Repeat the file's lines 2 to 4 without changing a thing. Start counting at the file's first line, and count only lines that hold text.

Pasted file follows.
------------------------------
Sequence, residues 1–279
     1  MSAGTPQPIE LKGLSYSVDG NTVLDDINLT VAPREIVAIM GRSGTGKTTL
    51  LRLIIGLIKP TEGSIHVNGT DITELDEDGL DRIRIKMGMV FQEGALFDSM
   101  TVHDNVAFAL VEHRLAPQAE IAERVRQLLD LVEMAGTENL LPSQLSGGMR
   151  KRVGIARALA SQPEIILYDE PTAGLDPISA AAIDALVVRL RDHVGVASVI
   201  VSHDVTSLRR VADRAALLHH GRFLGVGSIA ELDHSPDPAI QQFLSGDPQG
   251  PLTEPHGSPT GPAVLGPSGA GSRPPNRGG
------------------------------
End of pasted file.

     1  MSAGTPQPIE LKGLSYSVDG NTVLDDINLT VAPREIVAIM GRSGTGKTTL
    51  LRLIIGLIKP TEGSIHVNGT DITELDEDGL DRIRIKMGMV FQEGALFDSM
   101  TVHDNVAFAL VEHRLAPQAE IAERVRQLLD LVEMAGTENL LPSQLSGGMR